He spent much of his time reading. He had read most biographies of literary, arts and showbiz types, Johnny Carson, Sir Laurence Olivier, Michael Caine, Patrick White ... and found Kitty Kelly’s The Royals captivating. Broadsheet newspapers were read cover to cover, he never read the Sundays. Also, thanks to well-cultivated contacts at Channels 9 and 7, he enjoyed a steady stream of videos of all the latest movies. And he had more time for drinking. First beer at midday, glass of red with lunch, first gin and tonic at 5pm and more red with dinner.

Then a 60th birthday request from Nine for an interview with Ray Martin. He felt obligated for the wine and helicopters showered upon him. It didn’t go well. Graham looked bloated and tense. He later explained the experience in a piece for TV Week in an article called “In his own words”.

“Ray Martin and I had worked together before, and he well knows that if I have the questions in advance, he’ll get a better interview. Everyone knows this – politicians in particular. Ray duly faxed the questions to me, but on the morning of the recording changed them. I was bewildered by this (I think a researcher let him down). I terminated the interview when I didn’t know what he was talking about and went upstairs to lunch.”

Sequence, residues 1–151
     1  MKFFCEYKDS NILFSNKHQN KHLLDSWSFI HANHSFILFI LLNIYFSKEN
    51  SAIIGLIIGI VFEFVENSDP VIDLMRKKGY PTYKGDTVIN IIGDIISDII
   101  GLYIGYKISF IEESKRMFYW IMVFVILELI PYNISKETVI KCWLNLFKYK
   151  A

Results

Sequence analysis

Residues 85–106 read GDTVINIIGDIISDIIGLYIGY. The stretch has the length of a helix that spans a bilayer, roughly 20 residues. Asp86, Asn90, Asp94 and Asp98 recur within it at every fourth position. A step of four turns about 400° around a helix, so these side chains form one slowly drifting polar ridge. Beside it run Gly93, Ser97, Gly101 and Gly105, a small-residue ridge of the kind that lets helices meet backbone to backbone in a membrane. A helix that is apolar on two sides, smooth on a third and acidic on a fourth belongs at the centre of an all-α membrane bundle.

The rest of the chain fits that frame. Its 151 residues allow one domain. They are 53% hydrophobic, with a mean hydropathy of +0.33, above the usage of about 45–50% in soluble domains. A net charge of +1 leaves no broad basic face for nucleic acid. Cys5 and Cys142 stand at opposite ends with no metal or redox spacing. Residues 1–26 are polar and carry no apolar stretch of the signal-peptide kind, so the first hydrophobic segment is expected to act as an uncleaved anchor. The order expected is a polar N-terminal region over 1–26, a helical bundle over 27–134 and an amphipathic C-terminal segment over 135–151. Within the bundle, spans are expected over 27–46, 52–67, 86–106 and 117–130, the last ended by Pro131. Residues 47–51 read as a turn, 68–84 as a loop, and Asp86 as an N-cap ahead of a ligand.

It was a critical turning point in his career. He vowed never to do television again.

Four years later, after a compassionate request from radio legend John Laws for an interview on his new program on Foxtel, the reply was kind but unambiguous: